Data science is showing up on the road too. Tesla, Ford and Volkswagen have implemented predictive analytics in their autonomous vehicles. These cars use thousands of tiny cameras and sensors to relay information in real-time. Using machine learning, predictive analytics and data science, self-driving cars can adjust to speed limits, avoid dangerous lane changes and even take passengers on the quickest route.


Data Science and Logistics

UPS turns to data science to maximize efficiency, both internally and along its delivery routes. The company’s On-road Integrated Optimization and Navigation (ORION) tool uses data science-backed statistical modeling and algorithms that create optimal routes for delivery drivers based on weather, traffic and construction. It’s estimated that data science is saving the logistics company millions of gallons of fuel and delivery miles each year.


Data Science in Entertainment

Do you ever wonder how Spotify seems to recommend that perfect song you’re in the mood for? Or how Netflix knows just what shows you’ll love to binge? Using data science, these media streaming giants learn your preferences to carefully curate content from their vast libraries they think would accurately appeal to your interests.


Data Science in Product, Sales and Marketing

Many businesses rely on data scientists to build time series forecasting models that help with inventory management and supply chain optimization. Data scientists are also sometimes tasked with making proactive recommendations based on budget forecasts made through financial models. Some even use data mining to segment customers by behavior, tailoring future marketing messages to appeal to certain groups based on previous brand interactions.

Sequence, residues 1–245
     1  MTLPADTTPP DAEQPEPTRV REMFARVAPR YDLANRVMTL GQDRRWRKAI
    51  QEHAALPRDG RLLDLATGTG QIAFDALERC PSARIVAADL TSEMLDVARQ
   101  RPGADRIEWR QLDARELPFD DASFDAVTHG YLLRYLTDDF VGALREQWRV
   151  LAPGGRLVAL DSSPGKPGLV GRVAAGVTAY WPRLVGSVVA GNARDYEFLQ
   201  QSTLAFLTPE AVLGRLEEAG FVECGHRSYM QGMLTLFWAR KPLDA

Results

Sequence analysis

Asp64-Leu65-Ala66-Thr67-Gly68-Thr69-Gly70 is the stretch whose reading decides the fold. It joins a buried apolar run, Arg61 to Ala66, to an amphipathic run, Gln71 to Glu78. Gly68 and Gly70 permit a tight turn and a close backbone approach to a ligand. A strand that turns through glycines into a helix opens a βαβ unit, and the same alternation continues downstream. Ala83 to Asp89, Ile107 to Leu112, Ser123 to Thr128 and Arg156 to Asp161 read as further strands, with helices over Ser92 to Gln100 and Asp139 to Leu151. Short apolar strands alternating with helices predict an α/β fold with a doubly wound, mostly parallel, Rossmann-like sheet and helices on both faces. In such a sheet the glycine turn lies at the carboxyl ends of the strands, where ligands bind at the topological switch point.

Data Science in Finance

Machine learning and data science have saved the financial industry millions of dollars, and unquantifiable amounts of time. For example, JP Morgan’s contract intelligence platform uses natural language processing to process and extract vital data from thousands of commercial credit agreements a year. Thanks to data science, what would take around hundreds of thousands manual labor hours to complete is now finished in a few hours. Additionally, fintech companies like Stripe and Paypal invest in data science to create machine learning tools that quickly detect and prevent fraudulent activities.


Data Science in Cybersecurity

Data science is useful in every industry, but it may be the most important in cybersecurity. For example, international cybersecurity firm Kaspersky uses science and machine learning to detect hundreds of thousands of new samples of malware on a daily basis. Being able to instantaneously detect and learn new methods of cybercrime through data science is essential to our safety and security in the future.